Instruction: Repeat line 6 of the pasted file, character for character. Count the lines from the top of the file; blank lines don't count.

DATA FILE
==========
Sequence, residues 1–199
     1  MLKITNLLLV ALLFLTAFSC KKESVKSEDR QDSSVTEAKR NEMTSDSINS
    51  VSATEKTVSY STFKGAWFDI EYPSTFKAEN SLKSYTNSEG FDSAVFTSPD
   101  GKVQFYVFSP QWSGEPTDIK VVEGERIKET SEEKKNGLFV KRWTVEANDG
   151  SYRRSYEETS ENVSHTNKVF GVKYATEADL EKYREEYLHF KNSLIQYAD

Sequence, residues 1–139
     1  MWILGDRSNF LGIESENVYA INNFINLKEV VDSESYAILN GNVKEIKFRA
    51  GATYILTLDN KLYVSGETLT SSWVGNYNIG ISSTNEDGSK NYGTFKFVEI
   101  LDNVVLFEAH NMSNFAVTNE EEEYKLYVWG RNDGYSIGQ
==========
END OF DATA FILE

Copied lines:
Sequence, residues 1–139